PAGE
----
Merger with Microdrones Brings More R&D Possibilities for Schübeler

Brian Deis, president of Dream RC Airplanes, came to a crossroads about 10 years ago. He and his company had a knack for building wooden models for use in International Miniature Aerobatics Club (IMAC) competitions. He himself had built and flown wooden models for much of his life.

But the market had rapidly shifted toward ARFs – Almost Ready to Fly – models, meaning models that still required radio control gear and engine installation. Therefore, Deis shifted his focus toward higher-end clients, many of them in Europe.

 

 

  

Seemingly overnight, his company had gone from building wooden models to installing flying systems for largely composite models. But the unchartered territory didn’t end there. Most of his European clients insisted on electric engines, not the gas-powered ones to which he was accustomed. And they wanted them on planes bigger than what an electric engine could typically accommodate.

At that time, the fans used for air intake with electric motors were too small to power a big plane. Additionally, he’d have to adapt these planes in other ways to suit the electric motors, and Deis didn’t have an electrical engineer on staff.

He turned to Schübeler Technologies.

“It’s subtle, how you go about putting all that together,” Deis said. “The thrust, for instance, that thrust tube can be different sizes depending on whether you want power or you want speed. That’s where Christian Wileschek and everybody at Schübeler came in because we didn't know what those numbers were. They worked with us over the years to be sure we know, because the numbers aren't simple at all.”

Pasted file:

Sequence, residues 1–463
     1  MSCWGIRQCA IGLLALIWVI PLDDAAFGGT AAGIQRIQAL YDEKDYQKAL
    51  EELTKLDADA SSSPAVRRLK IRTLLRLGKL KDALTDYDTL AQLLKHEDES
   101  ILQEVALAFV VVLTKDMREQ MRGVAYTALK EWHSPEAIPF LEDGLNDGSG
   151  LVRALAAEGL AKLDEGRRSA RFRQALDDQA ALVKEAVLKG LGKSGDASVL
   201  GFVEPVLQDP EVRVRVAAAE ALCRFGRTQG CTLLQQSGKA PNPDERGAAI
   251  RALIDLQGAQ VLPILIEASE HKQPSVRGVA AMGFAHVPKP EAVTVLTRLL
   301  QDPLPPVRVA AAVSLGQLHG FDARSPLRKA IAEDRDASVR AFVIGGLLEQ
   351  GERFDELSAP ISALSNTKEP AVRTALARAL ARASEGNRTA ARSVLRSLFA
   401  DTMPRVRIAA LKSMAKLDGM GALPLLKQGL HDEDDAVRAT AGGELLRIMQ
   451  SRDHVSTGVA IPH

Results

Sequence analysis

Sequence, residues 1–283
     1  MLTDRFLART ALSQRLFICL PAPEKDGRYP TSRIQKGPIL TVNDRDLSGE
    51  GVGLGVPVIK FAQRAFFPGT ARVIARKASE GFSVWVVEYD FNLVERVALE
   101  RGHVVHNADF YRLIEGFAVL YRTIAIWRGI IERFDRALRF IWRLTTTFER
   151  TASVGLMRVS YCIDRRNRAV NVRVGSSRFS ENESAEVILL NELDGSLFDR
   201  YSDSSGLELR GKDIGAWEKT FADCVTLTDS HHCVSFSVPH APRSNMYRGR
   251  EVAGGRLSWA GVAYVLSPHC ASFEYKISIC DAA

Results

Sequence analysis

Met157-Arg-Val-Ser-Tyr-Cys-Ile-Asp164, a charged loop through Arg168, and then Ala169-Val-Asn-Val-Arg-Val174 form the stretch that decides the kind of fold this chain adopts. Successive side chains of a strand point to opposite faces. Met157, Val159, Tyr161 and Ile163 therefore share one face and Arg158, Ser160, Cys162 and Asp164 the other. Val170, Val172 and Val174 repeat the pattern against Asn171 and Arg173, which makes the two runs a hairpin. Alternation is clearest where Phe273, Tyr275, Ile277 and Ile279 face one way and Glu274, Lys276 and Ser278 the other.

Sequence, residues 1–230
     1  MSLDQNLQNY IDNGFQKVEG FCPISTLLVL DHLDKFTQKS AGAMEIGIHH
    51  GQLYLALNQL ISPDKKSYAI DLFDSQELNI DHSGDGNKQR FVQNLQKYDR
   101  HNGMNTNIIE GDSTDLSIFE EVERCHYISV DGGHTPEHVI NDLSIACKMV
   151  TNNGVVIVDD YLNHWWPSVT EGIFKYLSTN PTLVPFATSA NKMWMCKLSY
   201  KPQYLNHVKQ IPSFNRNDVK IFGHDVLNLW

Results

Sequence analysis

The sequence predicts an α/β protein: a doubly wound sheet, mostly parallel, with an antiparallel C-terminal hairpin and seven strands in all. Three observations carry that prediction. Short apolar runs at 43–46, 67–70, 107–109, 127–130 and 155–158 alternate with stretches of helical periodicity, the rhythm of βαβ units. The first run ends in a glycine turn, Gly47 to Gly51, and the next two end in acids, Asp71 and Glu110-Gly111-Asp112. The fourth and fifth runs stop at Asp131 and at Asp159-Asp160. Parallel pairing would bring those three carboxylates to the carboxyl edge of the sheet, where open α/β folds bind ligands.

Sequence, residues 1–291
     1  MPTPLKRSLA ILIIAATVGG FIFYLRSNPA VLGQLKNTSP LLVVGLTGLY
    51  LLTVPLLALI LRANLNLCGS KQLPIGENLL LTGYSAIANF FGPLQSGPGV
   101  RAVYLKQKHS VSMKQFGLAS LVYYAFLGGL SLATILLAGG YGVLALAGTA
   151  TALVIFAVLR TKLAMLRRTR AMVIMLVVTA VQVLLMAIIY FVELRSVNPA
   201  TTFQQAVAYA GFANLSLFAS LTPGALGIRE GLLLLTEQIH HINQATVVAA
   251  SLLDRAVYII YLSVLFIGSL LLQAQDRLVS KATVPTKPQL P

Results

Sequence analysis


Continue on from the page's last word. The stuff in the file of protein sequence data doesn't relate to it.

A key to Dream RC Airplanes’ success over the past decade has been Schübeler Technologies’ work in the area of Electric Ducted Fans (EDFs), Deis said.

When Deis and his company began fitting planes with electric engines, the 50-millimeter fans used for intake at the time simply weren’t suited for big planes. Flash forward to today, backed by Schübeler’s EDF technology, Dream RC Airplanes installs electric flying systems on planes at sizes just not possible a decade ago.  And the Schübeler-made EDFs make these planes comparable to gas jets, Deis said.

As Dream RC worked on larger and larger planes for customers, it had to learn not only about EDF installation, but also gas conversion. A crucial factor in the conversion process is the plane’s center of gravity, Deis said. In a gas plane that center of gravity shifts during the flight due to the burning of fuel, whereas an electric plane comes down at the same weight at which it went up.

“That’s where you need to get your heads together with the folks at Schübeler, particularly with Christian, and find out how we're going to put motors in that thing from the standpoint of thrust,” Deis said. “Once that’s done then we have to figure out physically how to get the motors into it.”

One of the more popular gas to electric conversions by Dream RC was a 17-foot-plus Boeing 747 model, painted in Virgin Atlantic airlines branding. A video of this aircraft, prior to the electric conversion, has been viewed approximately 29 million times on YouTube. The six-minute segment, uploaded in August 2015, displays the the 17-foot-plus Boeing 747 model, which was at the time one of the largest in the world, taking off from a rural airstrip, and conducting a series of flybys for a delighted crowd before landing smoothly.

It had taken Deis and his team 90 days to convert that 747 to electric, and they even managed to add a little more power and shave a little weight off the previously gas-powered plane.